Experience Bologna, Italy
Bologna was founded by the Etruscans with the name Felsina (c.534 BCE) in an area previously inhabited by the Villanovians, a people of farmers and shepherds. The Etruscan city grew around a sanctuary built on a hill, and was surrounded by a necropolis.
Bologna is the capital of the Emilia-Romagna region in northern Italy. Bologna is less than an hour inland from the east coast and about halfway between Florence and Milan.
The weather in Bologna makes this city an ideal destination for a holiday or short break, throughout most of the year. Between May and September Bologna can become very hot and there can also be regular showers of heavy rain, particularly in spring and autumn. During mid-August, at the height of summer, many of the city’s buildings, museums and restaurants close as many locals leave the city for the summer holidays.
The territory of Bologna Province is beautiful and varied. A topography that spreads over the plain of Po River Valley, along the Reno and the Panaro Rivers, in the hills and in the mountains, along the backbones of the Santerno and Senio Rivers to the east, and glides past the Dardagna in the west.
Numerous are the plains, hills and highlands that surround and compose the Bolognese Apennines and its highest peak, the Corno delle Scale, reaching an altitude of 6,562 feet.
The Province boasts a great number of naturalistic areas, such as the Park of Bolognese Gypsum and Badlands of Abbadessa, the Park of the Suviana and Brasimone Lakes, the Abbey of Monteveglio Regional Park, and more.
Bologna and its environs offer landscapes and nature, of course, but also art and culture. Cultural tourism is highly-emphasized and widespread, with particular attention paid to the visitor’s needs and to increasingly improving the grand heritage of the Province and its Capital.
What to See
An Etruscan settlement first, then Gallic, Bologna was also a Roman colony and, later, a Roman city. Inside its walls – of which only a few ruins remain today – the first University in the world was established, in the 11th Century. A main characteristic of the city are its porticoes that in the center reach a total length of about 23 miles, thus rendering Bologna the city with the most arcades in the world.
Another of Bologna’s defining traits are its towers – in the Middle Ages they were as numerous as two-hundred. A tour of the Emilian capital commences in Piazza Maggiore, a rather large piazza that was originally a market. The Piazza has always been the heart of the city, as well as the venue for civic and religious events and celebrations. It is flanked on one side by the impressive Basilica of San Petronio, with its incomplete façade; despite its magnificence, the Cathedral of San Pietro plays the role of Duomo. Also in Piazza Maggiore are the Palazzo del Podestà, the Palazzo dei Notai and the Palazzo dei Banchi.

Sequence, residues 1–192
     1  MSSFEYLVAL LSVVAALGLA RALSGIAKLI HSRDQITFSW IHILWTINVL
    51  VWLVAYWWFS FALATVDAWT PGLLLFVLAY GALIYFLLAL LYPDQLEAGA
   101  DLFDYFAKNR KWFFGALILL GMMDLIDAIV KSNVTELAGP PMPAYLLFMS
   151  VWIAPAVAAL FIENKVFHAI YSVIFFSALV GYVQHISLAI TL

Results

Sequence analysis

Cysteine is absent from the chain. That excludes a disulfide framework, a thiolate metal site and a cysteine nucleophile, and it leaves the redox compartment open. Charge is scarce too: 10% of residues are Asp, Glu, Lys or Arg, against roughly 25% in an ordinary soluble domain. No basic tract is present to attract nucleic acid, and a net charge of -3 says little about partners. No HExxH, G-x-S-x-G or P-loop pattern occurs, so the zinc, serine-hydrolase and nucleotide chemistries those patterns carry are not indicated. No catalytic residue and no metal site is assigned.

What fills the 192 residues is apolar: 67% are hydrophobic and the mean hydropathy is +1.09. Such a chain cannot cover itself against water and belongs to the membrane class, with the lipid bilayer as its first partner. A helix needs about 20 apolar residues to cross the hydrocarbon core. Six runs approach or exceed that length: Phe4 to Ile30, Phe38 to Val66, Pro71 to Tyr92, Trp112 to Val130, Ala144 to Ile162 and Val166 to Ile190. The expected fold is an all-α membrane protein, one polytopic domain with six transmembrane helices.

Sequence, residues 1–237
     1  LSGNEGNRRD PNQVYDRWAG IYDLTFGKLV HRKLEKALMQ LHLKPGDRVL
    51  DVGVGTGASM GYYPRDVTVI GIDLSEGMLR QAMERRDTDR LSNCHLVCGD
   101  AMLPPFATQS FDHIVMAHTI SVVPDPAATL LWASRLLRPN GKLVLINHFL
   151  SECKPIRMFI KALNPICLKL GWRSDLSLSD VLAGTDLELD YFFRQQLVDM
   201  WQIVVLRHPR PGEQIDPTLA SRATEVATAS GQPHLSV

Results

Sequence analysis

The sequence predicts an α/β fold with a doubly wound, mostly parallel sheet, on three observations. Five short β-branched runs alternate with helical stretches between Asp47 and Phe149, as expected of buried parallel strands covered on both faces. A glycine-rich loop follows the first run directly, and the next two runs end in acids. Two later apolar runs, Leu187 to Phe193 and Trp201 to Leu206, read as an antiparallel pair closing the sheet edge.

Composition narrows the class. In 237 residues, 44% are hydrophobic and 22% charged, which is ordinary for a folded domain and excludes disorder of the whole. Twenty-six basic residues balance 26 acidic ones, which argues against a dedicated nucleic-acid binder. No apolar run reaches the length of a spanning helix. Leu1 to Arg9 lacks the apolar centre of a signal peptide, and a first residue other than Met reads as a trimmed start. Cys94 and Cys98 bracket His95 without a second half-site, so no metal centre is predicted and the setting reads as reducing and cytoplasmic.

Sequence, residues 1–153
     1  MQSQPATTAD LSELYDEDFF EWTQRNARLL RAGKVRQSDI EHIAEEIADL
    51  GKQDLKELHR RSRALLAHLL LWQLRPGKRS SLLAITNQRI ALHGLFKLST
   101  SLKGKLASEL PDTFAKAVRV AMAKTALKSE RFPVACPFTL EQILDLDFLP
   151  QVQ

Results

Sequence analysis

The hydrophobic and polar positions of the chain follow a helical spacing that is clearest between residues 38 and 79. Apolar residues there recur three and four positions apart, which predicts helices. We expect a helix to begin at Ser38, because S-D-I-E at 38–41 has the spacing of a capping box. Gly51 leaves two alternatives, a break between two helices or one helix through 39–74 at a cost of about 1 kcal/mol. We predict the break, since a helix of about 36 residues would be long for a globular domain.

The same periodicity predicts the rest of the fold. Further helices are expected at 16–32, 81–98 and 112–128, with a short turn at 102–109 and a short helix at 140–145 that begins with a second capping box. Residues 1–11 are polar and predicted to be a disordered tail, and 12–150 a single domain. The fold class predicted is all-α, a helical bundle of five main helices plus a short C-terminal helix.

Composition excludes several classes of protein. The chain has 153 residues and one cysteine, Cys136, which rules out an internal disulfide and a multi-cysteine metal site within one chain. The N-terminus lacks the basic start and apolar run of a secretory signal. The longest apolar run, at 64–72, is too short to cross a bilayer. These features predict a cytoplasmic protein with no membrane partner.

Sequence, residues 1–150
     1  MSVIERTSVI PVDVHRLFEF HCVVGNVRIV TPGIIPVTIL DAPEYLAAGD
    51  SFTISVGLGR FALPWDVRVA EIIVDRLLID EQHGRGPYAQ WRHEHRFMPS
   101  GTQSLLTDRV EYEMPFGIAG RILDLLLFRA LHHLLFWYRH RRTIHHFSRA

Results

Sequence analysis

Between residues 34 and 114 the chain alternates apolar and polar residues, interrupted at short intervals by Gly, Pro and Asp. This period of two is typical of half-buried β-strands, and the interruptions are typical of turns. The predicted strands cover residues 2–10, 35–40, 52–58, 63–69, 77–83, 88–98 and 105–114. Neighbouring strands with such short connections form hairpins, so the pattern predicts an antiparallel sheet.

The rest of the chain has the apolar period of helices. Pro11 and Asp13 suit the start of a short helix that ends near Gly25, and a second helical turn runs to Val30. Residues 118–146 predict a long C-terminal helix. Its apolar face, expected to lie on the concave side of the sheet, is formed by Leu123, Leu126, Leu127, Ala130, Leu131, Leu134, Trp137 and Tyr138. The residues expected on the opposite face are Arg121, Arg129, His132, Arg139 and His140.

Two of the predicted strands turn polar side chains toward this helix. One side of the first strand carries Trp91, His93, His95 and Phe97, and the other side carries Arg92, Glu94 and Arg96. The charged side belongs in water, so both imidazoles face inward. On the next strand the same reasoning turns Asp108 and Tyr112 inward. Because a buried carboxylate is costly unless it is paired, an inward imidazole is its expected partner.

Piazza del Nettuno, attached to Piazza Maggiore on its northwest, exhibits the Fountain of Neptune and its bronze statue of the god Neptune, by Giambologna. The most famous of those raised in the Medieval Ages are the two towers, Asinelli and Garisenda, offering a fabulous panorama over the city (that is, if you can handle the climb to the top). Not far away is Piazza Cavour, with its porticoes and a gallery of beautifully-colored frescoes.
In the area directly behind San Petronio, you can visit the Church of San Domenico on the homonymous piazza, one of the most important monumental complexes in the city, with paintings and sculptures of great import.
The Santo Stefano Complex (referred to as “the Seven Churches” by locals) is, rather, a place of exceptional historic and religious interest, and is divided into seven holy buildings: churches, chapels and a monastery. Santo Stefano lies in the lovely same-named piazza, site of concerts in summertime, and an evening rendezvous point preferred by students year-round.
The Church of San Giacomo Maggiore impresses for the elegance of its lateral colonnade and interior frescoes. Also in the area is the National Art Gallery, where it is possible to see works by Giotto and his school, Guido Reni, Guercino, along with the famous Ecstasy of St. Cecilia by Raffaello.
Just outside the walls and in the hills is the Sanctuary of the Madonna of San Luca, the most important sanctuary in the history of the city; it is connected to the city by a long arcade that begins in Piazza di Porta Saragozza. The Complex of San Michele in Bosco, in Bologna’s environs, is equally-worth a visit.
Walking along the streets that line the River Reno, we can reach Casalecchio di Reno that neighbors Bologna; the River, traversing Casalecchio, is channeled by the Reno Lock, constructed 1100 and later strengthened.
Sasso Marconi is a town that goes back to Etruscan times, of which remain a few tombs; meanwhile an impressive aqueduct testifies to the Romans’ passage. Marzabotto, also an Etruscan-archaeology trove, was also the site of a Nazi massacre of over 1,800 Italians during the Second World War, to which a Memorial to the Dead has been dedicated.
Budrio is an interesting ancient city where we can see signs of the Roman and Medieval periods, particularly in its urban plan. Budrio is rather well-known around the globe for the musical instrument invented by Giuseppe Donati, the ocarina. Learn more about it at the Museum of the Ocarina and Terracotta Musical Instruments. Also here are the Puppet Museum, the Domenico Inzaghi Municipal Art Gallery, and the Archaeological and Paleo-ecological Museum.
Outside the city walls, in Bagnarola, it is possible to visit the complex of the Bagnarola Villas, also called “the Versailles of Bologna;” of these villas the Floriano stands out for its dimensions and architectonic beauty.
Finally, take an itinerary to explore the Parish Church of Cento; Castello d’Argile; Imola with its historical center; San Giovanni in Persiceto; San Giorgio di Piano; the village of Bentivoglio with its impressive fortress; and Medicina.
What to Do